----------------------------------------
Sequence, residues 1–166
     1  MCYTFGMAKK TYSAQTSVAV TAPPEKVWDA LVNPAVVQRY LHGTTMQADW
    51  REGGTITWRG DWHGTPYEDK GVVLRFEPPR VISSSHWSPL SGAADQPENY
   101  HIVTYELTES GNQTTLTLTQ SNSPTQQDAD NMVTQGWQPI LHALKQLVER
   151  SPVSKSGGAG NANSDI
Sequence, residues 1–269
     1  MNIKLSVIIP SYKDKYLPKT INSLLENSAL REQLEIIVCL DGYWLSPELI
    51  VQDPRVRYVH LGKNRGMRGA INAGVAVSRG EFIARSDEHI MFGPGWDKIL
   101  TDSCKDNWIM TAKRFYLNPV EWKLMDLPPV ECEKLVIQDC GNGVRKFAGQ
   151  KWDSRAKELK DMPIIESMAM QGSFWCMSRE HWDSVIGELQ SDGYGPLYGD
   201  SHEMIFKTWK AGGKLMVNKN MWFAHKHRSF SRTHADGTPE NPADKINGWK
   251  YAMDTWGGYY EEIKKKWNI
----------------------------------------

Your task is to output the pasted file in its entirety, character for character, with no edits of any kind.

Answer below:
Sequence, residues 1–166
     1  MCYTFGMAKK TYSAQTSVAV TAPPEKVWDA LVNPAVVQRY LHGTTMQADW
    51  REGGTITWRG DWHGTPYEDK GVVLRFEPPR VISSSHWSPL SGAADQPENY
   101  HIVTYELTES GNQTTLTLTQ SNSPTQQDAD NMVTQGWQPI LHALKQLVER
   151  SPVSKSGGAG NANSDI
Sequence, residues 1–269
     1  MNIKLSVIIP SYKDKYLPKT INSLLENSAL REQLEIIVCL DGYWLSPELI
    51  VQDPRVRYVH LGKNRGMRGA INAGVAVSRG EFIARSDEHI MFGPGWDKIL
   101  TDSCKDNWIM TAKRFYLNPV EWKLMDLPPV ECEKLVIQDC GNGVRKFAGQ
   151  KWDSRAKELK DMPIIESMAM QGSFWCMSRE HWDSVIGELQ SDGYGPLYGD
   201  SHEMIFKTWK AGGKLMVNKN MWFAHKHRSF SRTHADGTPE NPADKINGWK
   251  YAMDTWGGYY EEIKKKWNI